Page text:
3. 3. symptomatic of a deeper crisis of governance, which lies at the root of conflict and insecurity in many states.T Cross border nature of security challenges: Genuine and effective transformation of the security sector in each state cannot be achieved in isolation of developments at the sub-regional level. In the same vein, specific occurrences or processes within one state might affect sub- regional processes. When comprehensive reform of the security sector is embarked upon, whether in isolation or as part of a reconstruction process at the national level, there is sometimes a risk that this effort might be derailed by developments external to the state. Armed conflict in a neighbouring state often brings with it cross-border issues such as, for example, the trafficking and proliferation of small arms, child soldiers and natural resource extraction. The consequences of civil conflict can rapidly spread to a reforming state in the sub-region and ultimately impact negatively on the reform process. For example, the outbreak of armed conflict in Liberia was seen to have ignited war in Sierra Leone in 1991 at a time when the Momoh regime was initiating a referendum to return the country to multi-party rule. Similarly, the rebuilding process in Sierra Leone in the aftermath of war in that country was threatened by continued insecurity in Liberia.T Collective response to regional security issues: There is increased recognition that the common nature of the threat facing African states requires collective action and harmonized policies even if this is concentrated at the sub-regional, or neighbourhood level. Such action has been most visible, for example, in the area of crisis response. The then OAU (now African Union), the Southern African Development Community (SADC) and the Economic Community of West African states (ECOWAS) have been compelled to respond to regional crisis albeit at varying levels. The most commonly cited examples have been the ECOWAS responses to crisis in Liberia, Sierra Leone and Guinea-Bissau. The type of (often complex) regional peace operations that were mounted in response to these crises highlighted the importance of developing common values and principles in the management of such missions.T Co-ordination and harmonisation of actions and policies by external actors: There is growing awareness among bilateral and multilateral actors that at the very least, a common approach to security and development should be adopted even if at the sub-regional level. This has in part led to increased focus on capacity development for regional and sub-regional institutions in Africa, including the African Union, SADC and ECOWAS. Part of the United Nations’ response has included, for example, a decentralisation of aspects of its functions through the establishment of regional offices – as seen for example by the recent creation of a UN Office for West Africa. The office for the Great Lakes region of Africa also takes a sub-regional approach. External support for a regional approach has also been reflected in the endorsement provided by the G8 for the New Partnership Initiative for African Development (NEPAD) adopted by 3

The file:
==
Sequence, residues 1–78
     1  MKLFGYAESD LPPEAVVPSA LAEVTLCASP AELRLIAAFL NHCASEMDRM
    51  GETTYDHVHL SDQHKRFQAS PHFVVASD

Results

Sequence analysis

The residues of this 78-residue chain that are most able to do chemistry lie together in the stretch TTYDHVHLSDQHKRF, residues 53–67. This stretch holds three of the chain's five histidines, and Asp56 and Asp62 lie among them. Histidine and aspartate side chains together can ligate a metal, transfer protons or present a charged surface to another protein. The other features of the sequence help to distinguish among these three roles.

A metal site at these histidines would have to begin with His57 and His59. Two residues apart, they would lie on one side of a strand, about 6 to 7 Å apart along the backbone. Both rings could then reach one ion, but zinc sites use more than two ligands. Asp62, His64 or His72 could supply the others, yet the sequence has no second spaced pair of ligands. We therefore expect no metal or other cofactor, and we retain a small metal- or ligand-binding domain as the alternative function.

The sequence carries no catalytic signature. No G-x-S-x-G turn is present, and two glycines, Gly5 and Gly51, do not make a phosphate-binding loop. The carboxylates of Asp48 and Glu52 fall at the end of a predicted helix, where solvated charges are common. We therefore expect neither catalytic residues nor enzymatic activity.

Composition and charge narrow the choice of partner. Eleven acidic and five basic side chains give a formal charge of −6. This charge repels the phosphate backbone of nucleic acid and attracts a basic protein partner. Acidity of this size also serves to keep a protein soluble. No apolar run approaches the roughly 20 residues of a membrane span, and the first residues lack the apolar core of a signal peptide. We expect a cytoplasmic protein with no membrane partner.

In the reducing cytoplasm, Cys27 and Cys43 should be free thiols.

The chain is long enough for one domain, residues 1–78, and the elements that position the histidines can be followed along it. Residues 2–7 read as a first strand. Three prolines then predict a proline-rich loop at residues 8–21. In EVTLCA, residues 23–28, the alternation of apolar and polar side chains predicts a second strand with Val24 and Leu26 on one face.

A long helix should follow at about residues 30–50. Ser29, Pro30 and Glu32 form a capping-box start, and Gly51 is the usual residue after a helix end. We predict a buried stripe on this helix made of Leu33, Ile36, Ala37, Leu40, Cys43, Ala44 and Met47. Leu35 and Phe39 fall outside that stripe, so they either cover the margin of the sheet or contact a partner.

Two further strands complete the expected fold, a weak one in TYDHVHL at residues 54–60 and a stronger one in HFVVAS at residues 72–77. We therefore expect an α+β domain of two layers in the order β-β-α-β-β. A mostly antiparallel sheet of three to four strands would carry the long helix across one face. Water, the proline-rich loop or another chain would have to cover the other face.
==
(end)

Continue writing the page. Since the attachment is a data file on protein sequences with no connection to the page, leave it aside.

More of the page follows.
4. 4. African leaders during the establishment of the African Union in South Africa in July 2002 .For a reformed security sector that will promote and ensure an environmentconducive for sustainable development in the region, it is important that thedonor community and the African ruling class subscribe to a common reformagenda while working within a regional framework.10.2 Harmonising and monitoring security sector reform within regionalsecurity arrangementsThe main issues in security sector reform within regional securityarrangements relate to harmonisation and monitoring. The harmonisation ofsecurity sector reform principles within regional security arrangements shouldnormally be the responsibility of the Secretariat of the organisationresponsible for managing regional security. Perhaps the first thing that has tobe ensured is the creation of well-laid-out structures within that organisation,for the management and co-ordination of security issues. In Africa, bothECOWAS and SADC have, in the last few years, invested considerable timeand resources on restructuring their security arrangements. This should bethe first step towards having a security sector reform agenda incorporated intoregional security schemes.Before security sector reform can be successfully harmonised and monitoredat the sub-regional level, there should be an appreciation of its impact andbenefit for regional security. Regional and sub-regional organisations wouldneed to undertake several steps before the benefits of security sector reformcan become apparent. And tangible progress in this regard would normally bemore noticeable at the sub-regional level than at the continental level.Arguably, impact of reform would ultimately become visible at the regionallevel when the benefits of reform are realized within various sub-regions.Some of the steps that must be undertaken in order for national securitysector reform to be relevant for purposes of harmonisation at the regional andsub-regional levels include the following:T Commitment to certain principles, including for example, democracy, human rights, good governance and the rule of law. Such principles formed the basis for the formation of SADC, particularly in the creation of its organ for Politics, Defence and Security. Similarly, although the initial Treaty of ECOWAS in 1975 did not explicitly include such values or guiding principles, this organisation, which was initially established to ensure economic integration in West Africa adopted a new Treaty in 1993, which explicitly states adherence to these principles. The continental body, the Organisation of African Unity, in transforming itself to the African Union has also taken steps to reform. The New Partnership Initiative for African Development (NEPAD) has been the most ground breaking continental agenda in recent years. 4